Deregulation of c-MYC has been extensively investigated in many cancer types including leukemia and lymphoma but little is known about the expression and role of c-MYC in ATL lines and uncultured ATL cells. To investigate the c-MYC signaling pathway in ATL, mRNAs were extracted from uncultured ATL primary samples and a negative control not infected with HTLV-I and subjected to c-MYC microarray analyses. Our results demonstrate high levels of both c-MYC and MYCN expression in all ATL patients’ samples (Fig. 1a). Further real time RT-PCR analyses from 60 uncultured ATL samples confirmed amplification of c-MYC and MYCN expression (Fig. 1b). It is well known that tumor suppressor p53 is a potent transcriptional repressor of c-MYC, and although p53 is rarely mutated in ATLL cells, studies have shown that its transcriptional activities are inhibited in ATL cells. In addition, FBXW7, negative regulator of c-MYC, is frequently mutated in acute ATL patients (25%) resulting in stabilization of NOTCH1 and NOTCH1-dependent activation of c-MYC expression. These observations suggest that c-MYC activation may play an important role in ATL pathogenesis. Consistent with this notion, studies have shown that HTLV-I transformed cells are addicted to MYC pathway activation inasmuch as blockade of MYC-dependent transcription with JQ1 inhibitor triggers an apoptotic signal in Tax-expressing cell lines . We next investigated whether high levels of c-MYC and MYCN expression in ATL cells correlated with the expression viral proteins Tax or HBZ. Although Tax has been shown to stimulate the c-MYC promoter through activation of the NF-kB pathway, we did not find any correlation between viral Tax or HBZ expression and c-MYC or MYCN levels in ATL cells (Fig. 1c). In contrast to c-MYC and MYCN, MYCL, a paralog of MYCN, was downregulated in ATL patient samples. We next investigated the importance of the c-MYC signaling pathway for ATL cells proliferation and tumor formation in vivo. To this end ATL cells, MT1, stably transfected with a TET-inducible FBXW7 expression vector were injected into BALB/c-nu/nu mice. The mice were randomized into two groups after the tumors reached a mean volume of about 50 mm3, and then treated with vehicle or BET inhibitor JQ1. After 4 weeks tumors were surgically excised, weighed, and photographed (Fig. 1d). The body weight was measured every 3 days and remained similar between vehicle or JQ1 treated mice, as demonstrated by an absence of general toxicity (Fig. 1e). Tumors volume and tumors weight were significantly smaller in JQ1 treated animals compared to controls (Fig. 1f). Together our data demonstrate in vivo dependency of ATL cells for c-MYC signaling.
Our microarray data also demonstrated high expression of the BCAA transaminase 1 (BCAT1) gene known to transfer α-amino groups from branched-chain amino acids to α-ketoglutarate. Increased levels of BCAT1, a target of c-MYC, has been previously associated with more aggressive cancers . Depletion of BCAT1 reduces survival of AML cells in vitro as well as in vivo. BCAT1 overexpression decreased intracellular αKG levels and caused DNA hypermethylation through inhibition of TET2, mimicking the effects of IDH mutations in AML . These observations may be relevant to ATL pathogenesis since we have previously reported a high frequency of TET2 missense mutations (25%) and loss of heterozygosity (LOH) of TET2 (10%) in ATL patients with the acute type . Moreover, an increased genome methylation has been reported during progression of ATL diseases . Therefore, a possible role for BCAT1 in ATL pathogenesis warrants further investigations.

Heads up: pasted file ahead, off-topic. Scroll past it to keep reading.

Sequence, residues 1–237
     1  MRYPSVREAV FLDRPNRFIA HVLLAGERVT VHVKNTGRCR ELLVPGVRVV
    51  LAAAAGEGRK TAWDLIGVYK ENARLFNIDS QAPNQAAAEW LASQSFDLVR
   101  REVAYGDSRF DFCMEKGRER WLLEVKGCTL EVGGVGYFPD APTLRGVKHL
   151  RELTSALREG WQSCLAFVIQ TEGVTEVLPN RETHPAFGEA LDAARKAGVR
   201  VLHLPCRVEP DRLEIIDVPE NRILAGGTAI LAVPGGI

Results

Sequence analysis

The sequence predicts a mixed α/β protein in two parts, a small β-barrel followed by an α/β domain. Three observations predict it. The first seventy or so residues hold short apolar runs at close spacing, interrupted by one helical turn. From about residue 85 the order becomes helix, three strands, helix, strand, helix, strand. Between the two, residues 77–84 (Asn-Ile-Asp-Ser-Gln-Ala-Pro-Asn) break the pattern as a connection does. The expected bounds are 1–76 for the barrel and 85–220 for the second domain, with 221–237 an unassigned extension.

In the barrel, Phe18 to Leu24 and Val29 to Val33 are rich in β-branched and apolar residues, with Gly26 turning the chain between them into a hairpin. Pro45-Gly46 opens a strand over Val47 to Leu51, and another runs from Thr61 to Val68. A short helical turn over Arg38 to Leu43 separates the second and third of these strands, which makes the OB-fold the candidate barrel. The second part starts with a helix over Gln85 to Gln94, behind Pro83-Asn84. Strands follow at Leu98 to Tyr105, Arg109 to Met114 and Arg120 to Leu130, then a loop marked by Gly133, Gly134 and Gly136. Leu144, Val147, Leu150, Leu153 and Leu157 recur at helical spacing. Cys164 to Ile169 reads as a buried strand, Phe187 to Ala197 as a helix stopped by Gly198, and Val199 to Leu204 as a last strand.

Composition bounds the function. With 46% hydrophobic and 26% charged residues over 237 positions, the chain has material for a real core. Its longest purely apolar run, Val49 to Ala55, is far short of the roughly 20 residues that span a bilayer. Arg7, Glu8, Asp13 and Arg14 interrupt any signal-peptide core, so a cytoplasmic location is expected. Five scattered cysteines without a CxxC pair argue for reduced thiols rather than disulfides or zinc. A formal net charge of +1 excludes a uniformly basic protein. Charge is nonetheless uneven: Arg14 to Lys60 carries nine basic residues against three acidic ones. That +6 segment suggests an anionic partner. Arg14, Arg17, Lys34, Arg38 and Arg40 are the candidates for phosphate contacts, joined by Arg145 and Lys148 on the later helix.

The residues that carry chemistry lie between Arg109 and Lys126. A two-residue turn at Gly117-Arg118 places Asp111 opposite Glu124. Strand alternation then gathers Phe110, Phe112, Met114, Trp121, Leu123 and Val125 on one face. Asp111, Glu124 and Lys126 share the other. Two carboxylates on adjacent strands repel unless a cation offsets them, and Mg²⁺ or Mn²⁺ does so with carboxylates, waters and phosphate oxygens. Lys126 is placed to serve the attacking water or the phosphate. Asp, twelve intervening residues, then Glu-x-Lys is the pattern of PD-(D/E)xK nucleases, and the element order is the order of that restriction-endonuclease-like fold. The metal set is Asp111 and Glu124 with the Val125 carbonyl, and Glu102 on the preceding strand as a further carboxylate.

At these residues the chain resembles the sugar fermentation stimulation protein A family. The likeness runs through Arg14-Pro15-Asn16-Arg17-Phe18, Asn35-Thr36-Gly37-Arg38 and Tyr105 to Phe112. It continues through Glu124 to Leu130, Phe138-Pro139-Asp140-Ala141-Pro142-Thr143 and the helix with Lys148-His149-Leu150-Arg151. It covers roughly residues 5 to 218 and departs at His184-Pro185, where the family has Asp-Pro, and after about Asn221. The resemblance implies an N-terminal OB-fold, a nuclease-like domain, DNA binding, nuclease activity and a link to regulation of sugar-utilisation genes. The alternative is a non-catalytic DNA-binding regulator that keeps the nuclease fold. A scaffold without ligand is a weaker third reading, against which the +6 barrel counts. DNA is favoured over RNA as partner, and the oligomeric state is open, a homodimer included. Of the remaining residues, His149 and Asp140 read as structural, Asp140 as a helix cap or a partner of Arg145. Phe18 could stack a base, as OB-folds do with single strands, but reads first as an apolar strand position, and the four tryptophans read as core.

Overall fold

FBXW7 mutations found in ATL patients selectively affect proteasome degradation of c-MYC, Cyclin E, and MCL1
We have previously reported novel mutations in the WD40 domain of FBXW7 preventing degradation of NOTCH1 in ATL cells and decreased in vivo tumor growth by blockade of NOTCH1-dependent growth of ATL cells [10, 11]. However, the effect of these mutations on other well-known targets of FBXW7 (Fig. 2a) is unknown. Some studies have suggested that hot spot mutations at specific arginine residues R505, R465 and R479 result in complete inactivation and complete loss of FBXW7 functions . To our knowledge FBXW7 mutations specifically affecting some targets and not others have not been reported except for our previous study on NOTCH1. We have previously discovered that FBXW7 mutants D510E and D527G are able to degrade cyclin E, c-MYC and MCL1 just as well as their wild type counterpart but these mutants were unable to degrade NOTCH1. Therefore, further characterization of FBXW7 mutations is critically important to fully understand the mechanisms that dictate FBXW7 target interactions and degradation. This is further exemplified by the fact that some mutations found in ATL patients have been detected in other human cancers (S462F, W425C, L443F and D527G); and Kaplan Meier FBXW7 somatic mutation TCGA-Pan-cancer data (http://xena.ucsc.edu/) analyses suggest that mutations in the FBXW7 gene adversely affect survival of cancer patients (Fig. 2b). We previously reported that some FBXW7 mutations prevent the degradation of NOTCH1 . We then investigated the half-life of additional targets of FBXW7 in cells transfected with wild type or W425R FBXW7 mutant. Thirty-six hours following transfection cells were treated with cyclohexamide (CHX) to prevent de novo protein synthesis. Western blot analyses confirmed an extended half-life and reduced turnover of Cyclin E, MCL1 and c-MYC in cells carrying W425R (Fig. 2c).